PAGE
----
(2)   Consulting
High-level consultancy usually has significant impact on policy formulation in both the private and public sectors.   The results of consulting could also lead to job creation, especially when it is associated with the commercialization of innovations.

(3)   Patents, Spin-off and Technology Transfer
These refer to the formation of a new enterprise, or licensing to an established firm, based on specific outputs of a research program such as a patentable technology or a focused technology package.   Some studies suggest that this is a factor comparable to the economic impact of consulting and of contract or collaborative research

It is frequently argued that few patents by themselves could be developed to become fully commercialisable in a feasible manner.   This is however an excuse for the lack of practical research impact.   Without encouraging and making patenting an important outcome of University research, how can any University convince the government, business organizations and the community that her professors are “excellent” researchers en route to “world-class” discoveries? 

Out of 1,000 patents, perhaps only 2 or 3 would reach successful commercialization stage.    However, these 2 or 3 could have built on many hundred others before them.   Universities need to encourage the goal of patents as a key output for university research.   Universities should strive to accumulate a store of patents to the critical mass necessary for truly ‘innovative’ research which, in turn, would produces products, processes and systems of value to people and society.

(4)   Policy Research and Analysis
A major impact of research done in universities is felt in policy analysis and formation in both public and private organizations.  Professors should participate in external policy formation.  Policy advice usually has frequently innovative outcomes.

(5)   Venturing
Research as “the creation of new knowledge” should also lead to the creation of new commercial, as well as not for profit, ventures by university professors. And sometimes together with their students – MIT is a great role model for this. These ventures usually emerge from an opportunity arising out of a professor’s, or some professors’, accumulated professional and research experience rather than from one particular discovery or technology package.

The value of a great Researcher is more than just the value of the sum total of his or her journal papers. It is also more than the measure of his or her store of expert knowledge. The “public” value of great Research lies in the impact created in the “use” of expert research knowledge and findings for the benefit of the University, students, the community, industry, the nation and other countries.

Popular facts mentioned that Albert Einstein only published 3 papers. Many NTU (and NUS) professors, like their counterparts elsewhere, actually publish more journal papers than Nobel Prize potentials and winners!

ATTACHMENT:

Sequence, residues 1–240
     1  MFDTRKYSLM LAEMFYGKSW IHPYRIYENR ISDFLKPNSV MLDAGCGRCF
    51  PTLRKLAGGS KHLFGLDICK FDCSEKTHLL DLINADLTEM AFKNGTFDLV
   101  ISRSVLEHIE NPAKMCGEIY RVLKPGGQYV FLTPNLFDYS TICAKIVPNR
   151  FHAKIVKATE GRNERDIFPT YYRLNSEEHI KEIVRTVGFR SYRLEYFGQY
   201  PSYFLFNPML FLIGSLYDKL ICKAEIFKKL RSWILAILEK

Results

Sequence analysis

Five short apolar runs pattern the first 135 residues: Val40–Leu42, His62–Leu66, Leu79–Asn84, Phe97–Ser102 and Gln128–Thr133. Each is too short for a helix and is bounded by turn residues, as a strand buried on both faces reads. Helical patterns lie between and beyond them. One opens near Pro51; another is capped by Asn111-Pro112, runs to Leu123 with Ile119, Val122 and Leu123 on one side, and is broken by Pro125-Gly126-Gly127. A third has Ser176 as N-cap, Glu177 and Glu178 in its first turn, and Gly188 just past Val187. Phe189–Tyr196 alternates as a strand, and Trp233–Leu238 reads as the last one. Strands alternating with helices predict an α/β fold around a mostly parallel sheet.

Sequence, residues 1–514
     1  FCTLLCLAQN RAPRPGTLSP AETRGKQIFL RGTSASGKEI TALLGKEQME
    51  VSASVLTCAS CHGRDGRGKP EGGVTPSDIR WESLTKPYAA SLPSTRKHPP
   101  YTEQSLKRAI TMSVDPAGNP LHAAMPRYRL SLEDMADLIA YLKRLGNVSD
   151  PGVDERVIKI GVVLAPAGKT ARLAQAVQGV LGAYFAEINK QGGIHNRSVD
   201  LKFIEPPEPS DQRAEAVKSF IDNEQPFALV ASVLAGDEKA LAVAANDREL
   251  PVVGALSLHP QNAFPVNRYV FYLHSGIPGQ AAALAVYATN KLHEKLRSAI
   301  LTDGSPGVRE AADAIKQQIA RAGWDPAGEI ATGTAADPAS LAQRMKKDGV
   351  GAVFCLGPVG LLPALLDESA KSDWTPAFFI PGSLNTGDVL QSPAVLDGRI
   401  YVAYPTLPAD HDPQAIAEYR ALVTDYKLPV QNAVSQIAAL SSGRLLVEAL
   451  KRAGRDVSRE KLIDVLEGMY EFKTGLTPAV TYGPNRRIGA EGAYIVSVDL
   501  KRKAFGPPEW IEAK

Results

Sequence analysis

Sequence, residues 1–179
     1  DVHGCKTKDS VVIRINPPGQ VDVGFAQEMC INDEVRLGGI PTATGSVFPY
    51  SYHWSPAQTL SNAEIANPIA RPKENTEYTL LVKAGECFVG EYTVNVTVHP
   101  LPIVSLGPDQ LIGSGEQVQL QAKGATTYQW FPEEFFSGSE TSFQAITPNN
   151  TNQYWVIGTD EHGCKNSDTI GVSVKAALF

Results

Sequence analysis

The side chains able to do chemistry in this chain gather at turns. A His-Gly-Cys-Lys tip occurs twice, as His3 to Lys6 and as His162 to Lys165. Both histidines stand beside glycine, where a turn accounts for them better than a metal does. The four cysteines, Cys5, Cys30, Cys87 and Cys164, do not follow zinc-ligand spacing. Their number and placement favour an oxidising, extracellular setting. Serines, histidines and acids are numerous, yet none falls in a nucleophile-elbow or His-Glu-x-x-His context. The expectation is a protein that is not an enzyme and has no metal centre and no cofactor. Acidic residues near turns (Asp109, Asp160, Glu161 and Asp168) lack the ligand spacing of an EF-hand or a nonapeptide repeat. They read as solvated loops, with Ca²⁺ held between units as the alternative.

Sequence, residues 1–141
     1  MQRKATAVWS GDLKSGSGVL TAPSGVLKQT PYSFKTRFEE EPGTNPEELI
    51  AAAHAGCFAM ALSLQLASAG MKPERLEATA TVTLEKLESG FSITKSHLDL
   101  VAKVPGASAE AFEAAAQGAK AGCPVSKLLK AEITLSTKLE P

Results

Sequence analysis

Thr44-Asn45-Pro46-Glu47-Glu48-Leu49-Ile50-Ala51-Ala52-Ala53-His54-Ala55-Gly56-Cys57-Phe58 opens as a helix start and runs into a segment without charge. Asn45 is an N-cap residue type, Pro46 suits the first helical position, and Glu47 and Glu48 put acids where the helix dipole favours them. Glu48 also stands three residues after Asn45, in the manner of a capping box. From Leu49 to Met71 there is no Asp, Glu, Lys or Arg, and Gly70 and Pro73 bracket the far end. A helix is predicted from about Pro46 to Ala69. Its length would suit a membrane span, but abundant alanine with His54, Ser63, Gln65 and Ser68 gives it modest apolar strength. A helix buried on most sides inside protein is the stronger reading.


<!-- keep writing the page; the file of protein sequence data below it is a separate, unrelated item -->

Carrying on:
The evidence of patents and commercialisable knowledge products is sufficient to establish the beginning of research impact. Consistent professional consulting assignments with credible national and international organizations or businesses known for their high quality professional standards are also sufficient evidence of impact.

Clearly, academic staff in any public-funded university should not spend 70% to 80% of their time, which is paid for by public funds, to produce journal papers simply for improvements to their resume in preparation for their next job in another University.

The tremendous amount of publications by NTU professors (2,500+) every year must be validated by more concrete evidence of their impact on businesses and society.   There should be ample proof that the supposedly “new” knowledge contained in these journal and conference papers is in fact of some or significance public value.

Not everyone who is consulted can be said to possess definitive expert knowledge of great value.   However, those who claim to be “the man in the field” or professed to be an “authority” that have specialized expert knowledge should also be consulted professionally by those for whom such knowledge is deemed relevant, important and critical. 

Professional consulting validates the relevancy and currency of expert or specialised knowledge, and confirms some degree of significant public value in otherwise “useless” research and knowledge.

Commissioned in 1997 to conduct an impact study, BankBoston reported that the graduates of the Massachusetts Institute of Technology (MIT) have, since its founding in 1862, created 4,000 firms which, in 1994 alone, employed at least 1.1 million people and generated $232 billion of world sales.  The combined revenues produced by “MIT-related” companies would make them, when taken together, the 24th largest economy in the world.

The MIT Report is an example illustrating the contribution of Universities to their respective dynamic economy.   The development of business enterprises is one concrete measure of the impact of the University and its professors through their students.

The multi-dimensional and multi-faceted performance of a professor can only be measured by the extent to which he/she realized the “public value” of his/her specialized expert knowledge.

Likewise, the “IMPACT value” of a University’s research achievements should be evaluated through the objective evidence of journal papers, patents, spin-offs, contract research, consulting, policy formulation and venture creation.   

Seduction of World Universities Rankings

One University’s Journey From Greatness.

NTU’s Journey from Greatness to the TOP of a Bogus World Universities Ranking Standard.